Nkosi, whose research was conducted in schools in Umlazi, said that one of the challenges she encountered was the lack of terminology and research concepts in isiZulu. Translating material from English was time consuming and she found herself having to coin some of the terms and having to give an isiZulu prefix to an English concept if she could not find an equivalent in isiZulu.

Her PhD research has inspired Nkosi to develop and market isiZulu to UKZN students. She and her colleagues are working on a template for an Honours Degree module which they wish to offer in isiZulu in 2012. ‘We want to see isiZulu grow and reach the highest working level in academia,’ she said.

Nkosi thanked her PhD cohort comprising UKZN’s Deputy Vice-Chancellor: Teaching and Learning, Professor Renuka Vithal; the Dean of Education, Professor Michael Samuel; and Drs Murthy Maistry, Alan Pillay, Nyna Amin, Betty Govinden, Farida Patel, and Busie Alant, who supported her through the process. 


author email : memelal@ukzn.ac.za

DISTINGUISHED TEACHERS’ AWARDS

DISTINGUISHED TEACHERS’ AWARDS

Three academics received the University’s Distinguished Teachers’ Award for teaching excellence during the Graduation Ceremonies.

 The Distinguished Teachers’ Awards recognise and reward outstanding teaching by acknowledging and valuing the knowledge and commitment of academic staff who respond creatively to the complexity of teaching and learning environments and the rapidly changing student population.

 


Mr Mark Tufts has distinguished himself in Physiology teaching strategies and methodologies. His teaching strategies range from standard traditional didactic lectures, to interactive sessions. To enhance his students’ understanding of Physiology terminology, he employs crossword puzzles and quizzes. Tufts is also involved in curriculum design. Cognizant of the diversity of his students, he adapts his teaching methods accordingly. 
 

Professor Fatima Suleman has distinguished herself as a teacher in the area of curriculum and module development. She has shown exceptional leadership in re-curriculating the modules in Pharmacy practice, using problem-based and case-based pedagogies. She has also introduced a new online module on HIV/AIDS for first year students in collaboration with Purdue University in the US and three new Masters Programmes in Pharmacy at UKZN. In addition, she has successfully championed a new innovative master programme with e-learning.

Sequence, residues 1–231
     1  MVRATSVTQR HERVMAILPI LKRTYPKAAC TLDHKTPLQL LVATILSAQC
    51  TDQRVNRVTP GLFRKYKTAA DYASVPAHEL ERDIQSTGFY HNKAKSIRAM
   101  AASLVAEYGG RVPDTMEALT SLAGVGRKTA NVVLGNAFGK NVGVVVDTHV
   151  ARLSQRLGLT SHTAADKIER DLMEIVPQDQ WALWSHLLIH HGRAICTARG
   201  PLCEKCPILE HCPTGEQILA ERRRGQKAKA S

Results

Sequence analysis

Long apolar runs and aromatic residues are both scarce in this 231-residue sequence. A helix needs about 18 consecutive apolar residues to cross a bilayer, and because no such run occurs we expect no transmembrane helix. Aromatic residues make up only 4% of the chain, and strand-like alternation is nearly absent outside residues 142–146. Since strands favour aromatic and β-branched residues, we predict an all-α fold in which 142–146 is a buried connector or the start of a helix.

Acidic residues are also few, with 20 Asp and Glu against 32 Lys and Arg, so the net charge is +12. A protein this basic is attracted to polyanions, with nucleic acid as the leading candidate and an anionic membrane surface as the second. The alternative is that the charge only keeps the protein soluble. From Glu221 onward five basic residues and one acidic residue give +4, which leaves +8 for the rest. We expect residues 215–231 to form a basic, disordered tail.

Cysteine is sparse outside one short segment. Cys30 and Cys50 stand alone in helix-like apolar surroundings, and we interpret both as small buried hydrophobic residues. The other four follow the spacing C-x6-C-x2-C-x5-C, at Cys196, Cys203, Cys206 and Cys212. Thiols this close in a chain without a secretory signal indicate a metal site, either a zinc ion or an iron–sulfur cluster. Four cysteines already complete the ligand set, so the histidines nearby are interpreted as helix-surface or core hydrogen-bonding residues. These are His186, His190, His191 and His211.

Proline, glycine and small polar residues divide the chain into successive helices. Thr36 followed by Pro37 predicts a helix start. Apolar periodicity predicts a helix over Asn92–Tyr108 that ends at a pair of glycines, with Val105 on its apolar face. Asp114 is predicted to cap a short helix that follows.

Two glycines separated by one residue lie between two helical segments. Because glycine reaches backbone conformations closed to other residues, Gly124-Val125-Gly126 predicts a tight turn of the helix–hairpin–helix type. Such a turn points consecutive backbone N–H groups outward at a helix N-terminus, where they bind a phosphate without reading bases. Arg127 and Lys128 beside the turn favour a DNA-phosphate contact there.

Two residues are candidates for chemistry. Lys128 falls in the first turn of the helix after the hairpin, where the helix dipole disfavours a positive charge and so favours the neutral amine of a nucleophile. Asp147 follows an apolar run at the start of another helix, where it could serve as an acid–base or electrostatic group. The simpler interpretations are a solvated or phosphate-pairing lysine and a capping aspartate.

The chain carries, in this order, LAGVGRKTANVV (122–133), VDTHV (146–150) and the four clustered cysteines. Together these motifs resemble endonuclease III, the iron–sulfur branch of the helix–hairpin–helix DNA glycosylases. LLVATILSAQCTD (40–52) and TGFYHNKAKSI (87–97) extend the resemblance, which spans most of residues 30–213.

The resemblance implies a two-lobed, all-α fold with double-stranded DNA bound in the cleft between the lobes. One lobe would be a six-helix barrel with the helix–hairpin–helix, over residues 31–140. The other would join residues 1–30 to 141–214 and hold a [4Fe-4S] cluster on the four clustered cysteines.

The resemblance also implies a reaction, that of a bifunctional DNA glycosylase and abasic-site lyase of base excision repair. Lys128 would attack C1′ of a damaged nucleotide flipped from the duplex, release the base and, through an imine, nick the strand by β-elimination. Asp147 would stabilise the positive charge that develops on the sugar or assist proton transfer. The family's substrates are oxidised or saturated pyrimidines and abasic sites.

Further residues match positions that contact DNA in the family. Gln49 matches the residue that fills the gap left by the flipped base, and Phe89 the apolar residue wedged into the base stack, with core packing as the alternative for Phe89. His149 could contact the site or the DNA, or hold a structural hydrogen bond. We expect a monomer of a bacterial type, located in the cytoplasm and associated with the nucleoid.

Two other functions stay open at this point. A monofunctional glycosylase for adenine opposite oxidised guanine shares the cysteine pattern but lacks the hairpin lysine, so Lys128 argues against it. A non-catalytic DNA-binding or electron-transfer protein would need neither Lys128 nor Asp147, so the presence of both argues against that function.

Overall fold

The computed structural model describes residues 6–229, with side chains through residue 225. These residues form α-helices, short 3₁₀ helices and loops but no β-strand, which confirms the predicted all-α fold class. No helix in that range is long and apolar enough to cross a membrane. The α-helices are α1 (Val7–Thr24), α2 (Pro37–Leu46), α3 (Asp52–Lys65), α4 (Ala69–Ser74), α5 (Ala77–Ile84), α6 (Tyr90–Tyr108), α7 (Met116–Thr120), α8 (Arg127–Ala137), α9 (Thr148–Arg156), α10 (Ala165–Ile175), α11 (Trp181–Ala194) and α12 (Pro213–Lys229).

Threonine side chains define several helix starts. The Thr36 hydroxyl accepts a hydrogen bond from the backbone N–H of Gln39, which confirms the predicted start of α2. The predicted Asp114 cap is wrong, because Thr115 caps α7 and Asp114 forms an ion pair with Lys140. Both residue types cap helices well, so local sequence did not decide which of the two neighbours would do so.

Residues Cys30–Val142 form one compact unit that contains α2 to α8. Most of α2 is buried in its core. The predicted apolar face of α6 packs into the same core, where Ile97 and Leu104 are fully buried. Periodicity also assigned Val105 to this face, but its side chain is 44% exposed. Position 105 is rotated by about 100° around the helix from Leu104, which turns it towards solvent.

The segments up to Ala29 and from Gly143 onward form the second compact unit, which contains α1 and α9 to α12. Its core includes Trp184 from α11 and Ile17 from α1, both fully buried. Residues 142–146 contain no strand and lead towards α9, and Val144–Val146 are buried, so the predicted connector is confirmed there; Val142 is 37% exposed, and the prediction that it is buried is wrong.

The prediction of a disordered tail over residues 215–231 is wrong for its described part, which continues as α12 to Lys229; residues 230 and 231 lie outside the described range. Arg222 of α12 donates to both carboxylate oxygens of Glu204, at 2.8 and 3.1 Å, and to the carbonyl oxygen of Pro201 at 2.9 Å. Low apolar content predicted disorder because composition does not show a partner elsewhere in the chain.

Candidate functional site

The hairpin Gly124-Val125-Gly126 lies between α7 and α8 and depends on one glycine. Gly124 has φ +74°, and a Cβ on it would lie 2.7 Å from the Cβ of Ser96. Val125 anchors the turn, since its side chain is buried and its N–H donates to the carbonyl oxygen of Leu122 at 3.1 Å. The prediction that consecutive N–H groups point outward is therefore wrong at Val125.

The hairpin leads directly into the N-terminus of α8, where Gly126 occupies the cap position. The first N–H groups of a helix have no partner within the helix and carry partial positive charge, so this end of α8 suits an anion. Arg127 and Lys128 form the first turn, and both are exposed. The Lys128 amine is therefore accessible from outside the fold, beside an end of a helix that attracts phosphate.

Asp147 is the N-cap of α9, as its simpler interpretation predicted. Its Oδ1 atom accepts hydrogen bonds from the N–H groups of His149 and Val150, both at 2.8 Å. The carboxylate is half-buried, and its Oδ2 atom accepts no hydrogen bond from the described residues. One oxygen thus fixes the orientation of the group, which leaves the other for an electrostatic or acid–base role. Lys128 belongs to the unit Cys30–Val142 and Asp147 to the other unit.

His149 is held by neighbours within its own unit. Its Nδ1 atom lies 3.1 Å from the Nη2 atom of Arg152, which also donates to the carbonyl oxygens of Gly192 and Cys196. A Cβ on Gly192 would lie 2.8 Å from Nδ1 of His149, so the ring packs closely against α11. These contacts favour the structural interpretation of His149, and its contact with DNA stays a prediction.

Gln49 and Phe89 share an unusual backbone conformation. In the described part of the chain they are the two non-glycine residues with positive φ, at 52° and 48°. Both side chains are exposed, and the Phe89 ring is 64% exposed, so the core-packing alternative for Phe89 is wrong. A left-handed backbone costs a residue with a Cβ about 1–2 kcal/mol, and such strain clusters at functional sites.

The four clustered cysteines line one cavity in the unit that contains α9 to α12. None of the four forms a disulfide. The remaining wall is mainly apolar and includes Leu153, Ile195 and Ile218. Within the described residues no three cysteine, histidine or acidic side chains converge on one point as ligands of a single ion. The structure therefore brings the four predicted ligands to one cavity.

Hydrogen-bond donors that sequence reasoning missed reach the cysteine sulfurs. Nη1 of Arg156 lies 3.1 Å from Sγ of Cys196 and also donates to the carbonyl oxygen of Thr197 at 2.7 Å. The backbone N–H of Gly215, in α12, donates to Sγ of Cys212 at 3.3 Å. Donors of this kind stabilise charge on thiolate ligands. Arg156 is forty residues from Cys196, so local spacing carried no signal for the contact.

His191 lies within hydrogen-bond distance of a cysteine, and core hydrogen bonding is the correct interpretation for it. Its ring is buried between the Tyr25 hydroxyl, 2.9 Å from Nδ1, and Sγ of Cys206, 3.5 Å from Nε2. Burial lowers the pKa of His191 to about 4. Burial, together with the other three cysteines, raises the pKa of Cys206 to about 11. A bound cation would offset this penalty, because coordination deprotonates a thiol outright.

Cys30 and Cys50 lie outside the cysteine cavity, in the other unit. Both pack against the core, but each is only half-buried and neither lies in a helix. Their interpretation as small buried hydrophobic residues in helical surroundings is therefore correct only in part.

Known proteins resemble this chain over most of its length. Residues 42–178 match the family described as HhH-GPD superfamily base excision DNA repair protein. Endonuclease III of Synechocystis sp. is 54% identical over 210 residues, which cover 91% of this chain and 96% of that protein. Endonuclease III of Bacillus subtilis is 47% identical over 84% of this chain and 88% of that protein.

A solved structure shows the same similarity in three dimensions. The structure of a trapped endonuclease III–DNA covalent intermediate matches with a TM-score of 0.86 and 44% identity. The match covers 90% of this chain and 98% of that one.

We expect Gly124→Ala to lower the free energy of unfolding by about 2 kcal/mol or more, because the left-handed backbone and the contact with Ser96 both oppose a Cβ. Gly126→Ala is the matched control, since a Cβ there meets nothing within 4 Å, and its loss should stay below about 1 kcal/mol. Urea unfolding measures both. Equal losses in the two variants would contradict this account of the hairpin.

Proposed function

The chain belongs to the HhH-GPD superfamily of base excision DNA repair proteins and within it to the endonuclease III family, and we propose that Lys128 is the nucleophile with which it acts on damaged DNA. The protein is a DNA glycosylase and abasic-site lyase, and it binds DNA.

Suleman’s approach to teaching, strongly grounded in theory, is well-informed by current curriculum discourses in Higher Education and health.  Her student and peer evaluations attest to her being a reflective and dynamic teaching practitioner.

 

Over the past 30 years, Dr Helen Watson, a specialist in Geography in the School of Environmental Studies has been involved in developing
author email : online@ukzn.ac.za

FROM PARAMEDIC TO PHD

FROM PARAMEDIC TO PHD

‘I am very grateful for the opportunity that the Nelson R Mandela School of Medicine (NRMSM) at UKZN created which enabled me to progress through the Honours, Masters and PhD Degrees within a 10 year period,’ said Dr Sarasvathie Reddy. Reddy graduated with a PhD in Education on April 14.

Reddy began her journey towards the doctoral degree when she enrolled for an honours degree in Education in 2000. Aspiring to research and publish in the field of education, Reddy successfully enrolled for the PhD in 2008. Whilst holding the position of Head of the Professional Provident Society (PPS) Skills Resource Facility at the NRMSM, she managed to complete her degree within a painstaking but very rewarding three-year period.